Tesco shows signs of stabilisation of UK business, say analysts, despite further profits fall

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Tesco: new network planned

Overhaul of large stores remains elusive component of recovery, suggests Roberts

Tesco has posted a 55% fall in half year profits but analysts also suggest the latest numbers indicate further signs of stabilisation at its UK business.

Tesco made £354m in operating profits for the first six months of the year, compared to £779m last year. It recorded a 1.1% fall in like-for-like sales in the first half, compared to a 2% drop in the fourth quarter last year and a 4% decline for the same period in 2014.

David Gray, retail analyst at Planet Retail, said: “As expected, the numbers this morning indicate further signs of stabilisation at Tesco’s domestic unit, with like-for-like declines narrowing on those reported at Q1. There were also encouraging signs on volumes at Tesco, indicating this is a volume-led recovery.

“These figures have firmly cemented the split in the UK mid-market into two camps – Tesco/Sainsbury’s showing signs of recovery and Asda/Morrisons being the laggards. Considering Tesco was in the throes of the accounting scandal just 12 months ago, being in the former camp is an achievement in itself.”

Bryan Roberts, director retail insights, Kantar Retail, said: “As expected, Tesco has recorded a chunky decline in profitability, but has seen first half sales in the UK start heading in the right direction.

“Range resets are leading to improved availability and a degree of sharper pricing, with the maintenance of adequate staffing levels creating improved service levels, if not improved store economics.”

Roberts said he expected a more concerted effort from Tesco on pricing, with perhaps an adaptation of the Price Promise mechanic to offer shoppers more immediate price parity with immediate competitors.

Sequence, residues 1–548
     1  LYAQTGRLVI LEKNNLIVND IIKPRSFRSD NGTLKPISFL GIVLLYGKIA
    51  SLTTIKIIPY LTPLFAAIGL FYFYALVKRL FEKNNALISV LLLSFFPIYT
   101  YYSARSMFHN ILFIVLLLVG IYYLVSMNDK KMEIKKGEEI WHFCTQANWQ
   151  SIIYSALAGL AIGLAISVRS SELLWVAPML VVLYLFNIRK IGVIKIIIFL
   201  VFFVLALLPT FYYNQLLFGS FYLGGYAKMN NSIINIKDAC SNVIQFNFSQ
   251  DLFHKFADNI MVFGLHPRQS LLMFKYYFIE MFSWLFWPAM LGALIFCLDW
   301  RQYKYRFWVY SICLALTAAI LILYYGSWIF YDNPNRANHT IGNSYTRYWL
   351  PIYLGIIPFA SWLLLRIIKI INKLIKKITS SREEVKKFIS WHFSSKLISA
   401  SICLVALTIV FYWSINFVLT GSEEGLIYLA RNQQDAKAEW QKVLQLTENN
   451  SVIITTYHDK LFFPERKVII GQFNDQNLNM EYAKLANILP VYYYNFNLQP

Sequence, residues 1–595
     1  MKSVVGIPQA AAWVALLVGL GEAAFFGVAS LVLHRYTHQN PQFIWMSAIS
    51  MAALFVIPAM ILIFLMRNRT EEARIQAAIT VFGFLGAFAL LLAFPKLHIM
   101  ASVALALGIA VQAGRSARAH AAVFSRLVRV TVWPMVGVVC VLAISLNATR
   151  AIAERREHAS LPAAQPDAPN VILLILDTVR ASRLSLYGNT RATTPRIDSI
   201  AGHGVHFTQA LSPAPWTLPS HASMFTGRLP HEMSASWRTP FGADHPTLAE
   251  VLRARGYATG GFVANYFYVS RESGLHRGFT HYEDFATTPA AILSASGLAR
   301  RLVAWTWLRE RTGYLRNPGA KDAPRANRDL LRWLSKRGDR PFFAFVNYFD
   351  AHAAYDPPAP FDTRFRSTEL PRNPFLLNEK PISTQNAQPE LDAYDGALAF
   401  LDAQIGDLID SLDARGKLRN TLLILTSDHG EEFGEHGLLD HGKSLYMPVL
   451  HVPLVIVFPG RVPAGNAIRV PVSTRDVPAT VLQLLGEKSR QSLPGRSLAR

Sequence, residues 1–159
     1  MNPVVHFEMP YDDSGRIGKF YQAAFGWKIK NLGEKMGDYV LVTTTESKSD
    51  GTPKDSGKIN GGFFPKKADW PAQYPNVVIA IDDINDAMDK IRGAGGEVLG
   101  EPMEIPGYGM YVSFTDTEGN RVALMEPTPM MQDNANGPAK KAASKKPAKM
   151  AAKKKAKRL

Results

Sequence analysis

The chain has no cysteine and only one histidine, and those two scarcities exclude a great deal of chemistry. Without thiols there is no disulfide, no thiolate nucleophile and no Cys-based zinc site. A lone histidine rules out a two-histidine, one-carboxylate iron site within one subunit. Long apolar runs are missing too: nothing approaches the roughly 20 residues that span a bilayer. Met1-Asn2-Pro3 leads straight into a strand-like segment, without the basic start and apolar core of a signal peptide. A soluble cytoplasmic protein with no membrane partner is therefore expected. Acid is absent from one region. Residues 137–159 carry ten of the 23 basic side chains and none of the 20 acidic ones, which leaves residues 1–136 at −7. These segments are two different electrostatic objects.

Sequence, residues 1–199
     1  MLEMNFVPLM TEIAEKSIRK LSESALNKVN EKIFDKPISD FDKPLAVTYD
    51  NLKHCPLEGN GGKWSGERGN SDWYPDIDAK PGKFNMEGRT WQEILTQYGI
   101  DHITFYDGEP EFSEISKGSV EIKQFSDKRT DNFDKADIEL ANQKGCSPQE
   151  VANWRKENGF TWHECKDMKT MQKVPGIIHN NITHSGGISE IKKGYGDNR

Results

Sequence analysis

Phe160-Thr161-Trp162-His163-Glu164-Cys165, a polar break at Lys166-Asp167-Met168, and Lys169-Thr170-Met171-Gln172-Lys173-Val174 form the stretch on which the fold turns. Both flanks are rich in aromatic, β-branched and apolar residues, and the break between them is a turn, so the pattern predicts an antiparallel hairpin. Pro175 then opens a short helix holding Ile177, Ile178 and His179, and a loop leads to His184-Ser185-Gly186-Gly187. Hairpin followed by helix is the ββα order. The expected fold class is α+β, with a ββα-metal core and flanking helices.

“The discounters remain an irritant, albeit a relatively minor one compared with self-cannibalisation through online and convenience, and although price will play its part in regaining lapsed shoppers, an overhaul of the large store proposition remains an elusive component of a sustained recovery. That said, Dave Lewis has successfully corrected the direction of travel and the stage is set for some meaningful action on value,” Roberts said.

The sale of Korea will be beneficial for debt in the short term, if dilutive in terms of earnings, Roberts added. However, its disposal leaves Thailand and Malaysia looking isolated, while reports of private equity interest in operations in Central and Eastern Europe might undermine today’s assertion that the reshaping of the Tesco portfolio is complete, Roberts said.

Gray agreed: “With Korea already culled, Malaysia is the obvious next market at risk with limited growth potential. However, it is profitable and well-established and so could command a decent price. In CEE, markets like Poland would generate the largest windfall considering its size relative to neighbouring markets and the presence of a string of international operators that could be would-be buyers. Most of these aforementioned markets look safe – for now at least.”